There were ten retrograde injection sites. Two retrograde injection sites were confined to the encapsulated AChE-poor lateral core subregion (CeLcn), and did not encroach on adjacent CeM or amygdalostriatal structures (Fig. 3B, cases J1LY and J9FS). One injection site was confined to the CeM (case J9LY), and one injection site included both CeM and CeLcn (case J1FR) (Fig. 3B). Two injection sites were located in the IPAC (cases J7FR and J7FS) (Fig. 3A). The injection site in case J7FS was centered in the medial IPAC, with some involvement of the lateral IPAC. The injection site in case J7FR was rostral and lateral to the injection site in case J7FS. Neither IPAC injection resulted in labeled cells in the subthalamic nucleus, ruling out uptake of tracer in the globus pallidus. One retrograde injection site encompassed the medial and lateral amygdalostriatal area at the level of the caudal amygdala/rostral hippocampus, and has previously been described (case J9FR) (Fudge et al., 2004). Four retrograde tracer injections in the caudal ventromedial putamen were included in the analysis for comparison (J8WGA J6WGA, J4WGA and J12 WGA) (see detailed descriptions (Fudge et al., 2004, Fudge et al., 2005b)).
The pattern of labeled cells in the two cases was similar, and case J9LY is described in detail. At rostral levels, the piriform cortex and PAC II contained few labeled cells, however, there were many labeled cells in PAC I and rostral PACs. The Bi and Bpc contained many labeled cells, with a more moderate concentration in the Bmc. Densest concentrations of labeled cells were aggregated in the medial half of the Bi and Bpc, and there was an especially dense concentration of labeled cells in the medial paralaminar region (Fig. 4C and D). The ABmc and Abpc contained moderately dense numbers of labeled cells. Caudally, the ABs and AHA also contained many LY-positive cells (Fig. 4D and F). There were scattered labeled cells in the lateral nucleus (Fig. 4F).
Overall, injection sites with tracer deposits confined to the CeLcn resulted in fewer labeled cells in the amygdala than those that included the CeM. There were a significant number of labeled cells in PACI and PACs, but few to no labeled cells in the piriform cortex, CoA, or CoP. In the basal nucleus, labeled cells were less heavily concentrated than in cases with injections in the CeM. Within the basal nucleus, the paralaminar nucleus contained the majority of labeled cells (Fig. 5 D, E). The ABmc and ABpc contained a light distribution of labeled cells, however, the rostral ABs had a moderate distribution of FS-positive neurons. There were no labeled cells in the AHA. In the lateral nucleus, there was a light distribution of labeled cells in the ventral subdivision, and scattered labeled cells in the dorsal intermediate subdivision. The CeM and medial amygdalostriatal area contained a number of labeled cells but there were few to no labeled cells in the lateral amygdalostriatal area.
This IPAC injection site was located medial and caudal to the injection in Case J7FR (below), and resulted in a slightly different pattern of labeled cells. The piriform cortex and PAC I contained a light to moderate concentration of labeled cells, with relatively few labeled cells in the rest of the PAC, medial nucleus, CoA or CoP. FS-positive cells were found in all subdivisions of the basal nucleus. The ABmc contained many labeled cells, while the ABpc and ABs had a relatively light distribution of FS-positive cells. Labeled cells were also lightly distributed in the ventrolateral and dorsal intermediate subdivisions of the lateral nucleus (Fig. 6I). The CeM contained a dense concentration of labeled cells, and the CeLcn and medial amygdalostriatal area also contained a moderate number of labeled cells.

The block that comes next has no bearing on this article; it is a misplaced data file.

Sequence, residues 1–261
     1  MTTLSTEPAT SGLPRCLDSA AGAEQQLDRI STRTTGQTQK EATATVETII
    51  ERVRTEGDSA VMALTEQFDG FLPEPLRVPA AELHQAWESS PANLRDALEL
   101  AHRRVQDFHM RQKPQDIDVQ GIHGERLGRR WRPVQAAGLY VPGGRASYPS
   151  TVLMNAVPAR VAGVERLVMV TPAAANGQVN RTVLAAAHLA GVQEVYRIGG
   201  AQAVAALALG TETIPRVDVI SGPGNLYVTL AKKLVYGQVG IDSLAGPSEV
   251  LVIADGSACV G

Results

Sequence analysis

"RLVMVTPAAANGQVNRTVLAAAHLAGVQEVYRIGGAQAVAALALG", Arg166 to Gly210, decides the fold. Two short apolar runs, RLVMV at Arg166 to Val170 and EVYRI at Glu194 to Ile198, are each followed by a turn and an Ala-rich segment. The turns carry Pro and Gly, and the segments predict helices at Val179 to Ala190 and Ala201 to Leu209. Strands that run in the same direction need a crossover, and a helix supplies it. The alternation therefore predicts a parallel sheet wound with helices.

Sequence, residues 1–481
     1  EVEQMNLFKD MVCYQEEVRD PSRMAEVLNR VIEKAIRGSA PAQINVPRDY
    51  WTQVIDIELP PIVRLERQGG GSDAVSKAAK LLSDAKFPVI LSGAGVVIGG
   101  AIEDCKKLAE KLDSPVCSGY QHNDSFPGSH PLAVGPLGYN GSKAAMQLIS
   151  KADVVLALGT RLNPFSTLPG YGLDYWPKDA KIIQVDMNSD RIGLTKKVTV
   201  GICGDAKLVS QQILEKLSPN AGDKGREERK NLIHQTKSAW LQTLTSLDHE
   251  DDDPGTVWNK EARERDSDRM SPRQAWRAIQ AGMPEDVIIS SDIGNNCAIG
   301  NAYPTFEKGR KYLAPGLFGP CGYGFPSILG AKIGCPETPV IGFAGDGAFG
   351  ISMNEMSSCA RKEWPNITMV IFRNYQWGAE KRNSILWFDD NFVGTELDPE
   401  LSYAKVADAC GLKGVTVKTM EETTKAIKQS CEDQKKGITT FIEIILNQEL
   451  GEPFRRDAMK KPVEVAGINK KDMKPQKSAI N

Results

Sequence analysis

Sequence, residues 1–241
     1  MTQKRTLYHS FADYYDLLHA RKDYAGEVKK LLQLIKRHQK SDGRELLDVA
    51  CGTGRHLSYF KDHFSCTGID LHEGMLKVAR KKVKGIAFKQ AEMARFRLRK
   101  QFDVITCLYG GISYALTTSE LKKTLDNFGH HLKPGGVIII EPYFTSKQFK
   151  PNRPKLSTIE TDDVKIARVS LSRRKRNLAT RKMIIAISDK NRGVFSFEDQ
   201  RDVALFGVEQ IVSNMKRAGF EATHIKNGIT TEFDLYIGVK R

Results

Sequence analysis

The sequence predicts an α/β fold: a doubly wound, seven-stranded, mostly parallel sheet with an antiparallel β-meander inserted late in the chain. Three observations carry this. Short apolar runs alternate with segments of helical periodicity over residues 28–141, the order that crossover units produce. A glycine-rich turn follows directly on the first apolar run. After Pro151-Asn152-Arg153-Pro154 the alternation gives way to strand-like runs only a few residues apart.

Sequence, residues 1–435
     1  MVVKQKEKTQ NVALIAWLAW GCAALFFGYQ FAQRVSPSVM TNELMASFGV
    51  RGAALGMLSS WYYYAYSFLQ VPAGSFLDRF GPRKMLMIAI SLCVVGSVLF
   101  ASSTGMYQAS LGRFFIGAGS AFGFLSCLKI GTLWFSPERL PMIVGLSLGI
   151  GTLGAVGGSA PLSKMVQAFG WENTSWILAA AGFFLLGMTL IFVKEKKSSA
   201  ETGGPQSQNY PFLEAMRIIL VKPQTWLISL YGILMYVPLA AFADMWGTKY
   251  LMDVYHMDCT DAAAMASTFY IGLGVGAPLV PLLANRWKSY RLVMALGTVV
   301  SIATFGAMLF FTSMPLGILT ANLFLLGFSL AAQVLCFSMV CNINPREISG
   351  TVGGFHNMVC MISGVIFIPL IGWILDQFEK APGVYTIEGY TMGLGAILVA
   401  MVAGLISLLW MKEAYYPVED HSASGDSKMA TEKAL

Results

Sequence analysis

The injection site was centered in the rostral, lateral IPAC, and resulted in a high concentration of labeled cells in the piriform cortex and rostral PAC subdivisions (Fig. 7A, B). The CoA had a moderate number of labeled cells. The medial nucleus contained a light distribution of FR-positive cells, as did the CoP (Fig. 7A, B). The basal nucleus had many labeled cells at all rostrocaudal levels in the Bmc, Bi, and Bpc, similar to case J7FS. The ABmc contained moderate numbers of labeled cells, however, there were few labeled cells in ABpc or ABs. Compared to case J7FS (above, medial IPAC), the lateral nucleus contained a relatively dense distribution of labeled cells localized in the ventral, intermediate subdivision. In contrast, there was a relatively light distribution of labeled cells in the CeM, and few to no labeled cells in the CeLcn, or the amygdalostriatal area, compared to Case J7FS. The AHA was also relatively devoid of labeled cells.
This injection site encompassed both the medial (CaBP-positive) and lateral (CaBP-poor) amygdalostriatal area, and the distribution of labeled cells in the amygdala has been reported previously. It is described briefly for comparative purposes. Labeled cells were most densely distributed in the basal nucleus where they were seen in all subdivisions. In the accessory basal nucleus, FR+ cells were confined to the magnocellular subdivision. In contrast to injections into the IPAC, there were relatively few labeled cells in the piriform cortex, CoA, CoP, medial nucleus, or PAC. The CeM had a moderate number of FR positive cells, as did the AAA.